Recourse vs. Non-Recourse Loan: What’s the Difference?

What’s the difference between a recourse vs. non-recourse loan? In commercial real estate both types of loans are common depending on the stage and type of financing. In this article, we’ll take a closer look at recourse and non-recourse commercial real estate loans, as well as the “bad boy guaranty.”

What is a Recourse Loan?

First, what does the term recourse mean? The definition of a recourse loan is a loan where the borrower or guarantors are personally liable for repaying any outstanding balance on the loan, in addition to the collateral itself. In other words, if the collateral securing a loan needs to be liquidated but is insufficient to cover the total amount owed on the loan, then “recourse” enables the lender to go after the guarantors personally to cover this deficiency. Full recourse loans are common with construction and other shorter term commercial real estate financing, such as a mini-perm loan that finances lease up and stabilization of an asset.

What is a Non-Recourse Loan?

A non-recourse loan is defined as a loan where the borrower or guarantors are not personally liable for repaying any outstanding balance on the loan. Non-recourse financing is typically found on longer-term permanent commercial real estate loans placed on a stabilized and performing asset. However, a common misconception with non-recourse loans is that if a loan is non-recourse, then a borrower or guarantor can never be held personally liable in the case of a loan default. This is not always true, and there are several exemptions commonly covered under what’s known as carve out provisions or the bad boy guaranty.

Non-Recourse Loan: Bad Boy Guaranty

Carve out provisions, also known as bad boy guaranties, protect the lender and enables personal recourse in the case of certain events, such as fraud. Essentially, bad boy guaranties are exceptions to the non-recourse status of a loan that originally were created to prevent the borrower from siphoning cash out of a property in the months leading up to a loan default. This varies by state, but here are some common carve out provisions of bad boy clauses included in non-recourse loans:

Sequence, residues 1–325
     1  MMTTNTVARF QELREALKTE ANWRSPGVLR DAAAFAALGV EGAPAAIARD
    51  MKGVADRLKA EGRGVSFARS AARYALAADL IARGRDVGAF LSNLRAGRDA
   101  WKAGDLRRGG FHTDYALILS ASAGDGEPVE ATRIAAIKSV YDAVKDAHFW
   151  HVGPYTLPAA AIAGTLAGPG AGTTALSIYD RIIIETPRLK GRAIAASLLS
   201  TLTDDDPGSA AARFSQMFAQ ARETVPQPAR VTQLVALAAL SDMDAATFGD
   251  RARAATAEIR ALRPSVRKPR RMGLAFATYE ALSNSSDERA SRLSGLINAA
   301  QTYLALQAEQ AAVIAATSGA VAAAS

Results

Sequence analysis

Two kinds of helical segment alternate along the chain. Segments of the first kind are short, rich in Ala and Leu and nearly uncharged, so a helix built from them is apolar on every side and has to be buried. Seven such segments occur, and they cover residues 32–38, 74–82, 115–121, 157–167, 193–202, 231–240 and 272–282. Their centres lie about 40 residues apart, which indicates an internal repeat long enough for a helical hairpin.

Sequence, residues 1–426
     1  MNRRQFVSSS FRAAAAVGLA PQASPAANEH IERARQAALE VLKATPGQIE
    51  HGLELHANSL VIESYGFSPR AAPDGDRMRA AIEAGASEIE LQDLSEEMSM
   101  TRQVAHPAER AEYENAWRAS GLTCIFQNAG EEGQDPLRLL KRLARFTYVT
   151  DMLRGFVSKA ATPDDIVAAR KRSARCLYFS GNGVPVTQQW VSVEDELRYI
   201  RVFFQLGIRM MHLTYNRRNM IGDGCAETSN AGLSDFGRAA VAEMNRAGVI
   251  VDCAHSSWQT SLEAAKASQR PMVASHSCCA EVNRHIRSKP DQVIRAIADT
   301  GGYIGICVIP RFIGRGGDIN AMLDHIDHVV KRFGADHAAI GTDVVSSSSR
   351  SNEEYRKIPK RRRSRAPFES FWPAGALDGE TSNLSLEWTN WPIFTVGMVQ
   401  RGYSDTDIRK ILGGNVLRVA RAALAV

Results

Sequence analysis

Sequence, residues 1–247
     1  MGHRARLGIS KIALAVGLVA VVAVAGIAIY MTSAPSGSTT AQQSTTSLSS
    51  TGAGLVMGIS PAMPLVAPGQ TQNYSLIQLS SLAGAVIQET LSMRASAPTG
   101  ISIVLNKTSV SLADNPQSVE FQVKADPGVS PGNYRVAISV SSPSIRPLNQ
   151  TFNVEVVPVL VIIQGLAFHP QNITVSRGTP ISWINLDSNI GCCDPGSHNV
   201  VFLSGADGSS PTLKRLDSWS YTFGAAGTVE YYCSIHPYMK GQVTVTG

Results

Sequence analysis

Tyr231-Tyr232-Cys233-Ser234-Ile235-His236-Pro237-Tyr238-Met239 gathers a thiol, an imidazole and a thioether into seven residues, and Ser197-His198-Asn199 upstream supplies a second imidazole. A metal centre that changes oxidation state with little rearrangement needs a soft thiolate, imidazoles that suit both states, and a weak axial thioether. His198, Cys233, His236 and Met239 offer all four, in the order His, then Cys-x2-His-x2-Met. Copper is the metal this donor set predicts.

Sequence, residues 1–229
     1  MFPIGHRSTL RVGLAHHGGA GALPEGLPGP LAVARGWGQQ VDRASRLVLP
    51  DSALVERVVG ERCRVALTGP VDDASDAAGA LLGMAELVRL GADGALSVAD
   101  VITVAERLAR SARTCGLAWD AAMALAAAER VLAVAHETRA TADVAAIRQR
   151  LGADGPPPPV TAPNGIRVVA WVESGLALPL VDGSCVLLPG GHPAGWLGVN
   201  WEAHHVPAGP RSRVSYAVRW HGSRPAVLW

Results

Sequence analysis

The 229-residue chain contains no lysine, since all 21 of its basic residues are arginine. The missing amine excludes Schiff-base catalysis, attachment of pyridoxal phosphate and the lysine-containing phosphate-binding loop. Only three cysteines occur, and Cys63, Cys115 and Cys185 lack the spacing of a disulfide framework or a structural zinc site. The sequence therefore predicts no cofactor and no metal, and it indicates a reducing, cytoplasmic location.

• Filing for bankruptcy
  • Fraud or misrepresentation
  • Failure to maintain required insurance
  • Failure to pay property taxes
  • Any environmental indemnification
  • Committing a criminal act

Another common misconception with non-recourse loans is that the bad boy guaranty is limited to just these major events or bad acts. In the past, this was typically true, but over time, the bad boy guaranty has slowly expanded to include more and more minor provisions, such as failure to deliver financials to the lender or permit lender inspections of the property. These and other minor carve out provisions may or may not be appropriate or acceptable.

As always, it’s critical to read and understand the loan documents, and it’s always best to have them reviewed and negotiated by a competent commercial real estate attorney.

Recourse vs. Non-Recourse Loan Example

Let’s take an example to illustrate the difference between recourse and non-recourse loans. Suppose a borrower has the following loan outstanding for an office building:

Recourse vs. Non Recourse Loan

Now, suppose the vacancy goes up in the building much higher than expected and market based rental rates decline substantially. Unfortunately, the borrower can’t keep up with his loan payments and ends up defaulting on his loan.

With a non-recourse loan, the lender can take back the real estate which is collateral for the loan. Sometimes this will be adequate, but what if the liquidation value of the collateral is no longer sufficient to repay the outstanding loan balance?

Let’s further suppose that the higher than expected vacancy and reduced NOI cause the building value to decline to only $3,000,000, which is less than the outstanding loan balance of $4,000,000. In this scenario, the lender does not have any personal recourse to cover the shortfall, so if the building is foreclosed and liquidated then the lender will take a loss.

Now let’s look at what would happen if this was a recourse loan. Assume the guarantor has the following personal financial statement:

Recourse loan personal financial statement

If the above loan was a recourse loan, then the lender would not only be able to liquidate the collateral for $3,000,000, but the lender would also be able to go after the guarantor personally for the deficiency of $1,000,000. This means the bank could levy or legally seize the guarantors bank accounts, wages, and other assets to satisfy any outstanding debt.


In this article, we discussed recourse vs. non-recourse loans, as well as some common misconceptions and pitfalls to avoid. Recourse just puts the borrower or guarantor on the hook for the loan, in addition to the collateral itself. In construction and mini-perm loans a full personal guarantee from the sponsors is almost always required. This aligns incentives to get a property fully constructed, leased, and stabilized. Longer-term loans on stabilized properties are typically non-recourse, unless otherwise triggered by various “bad boy” clauses. This limits the personal exposure for borrowers, but also protects the lender and allows them to go after the borrower/guarantors personally in the case of certain events such as fraud.

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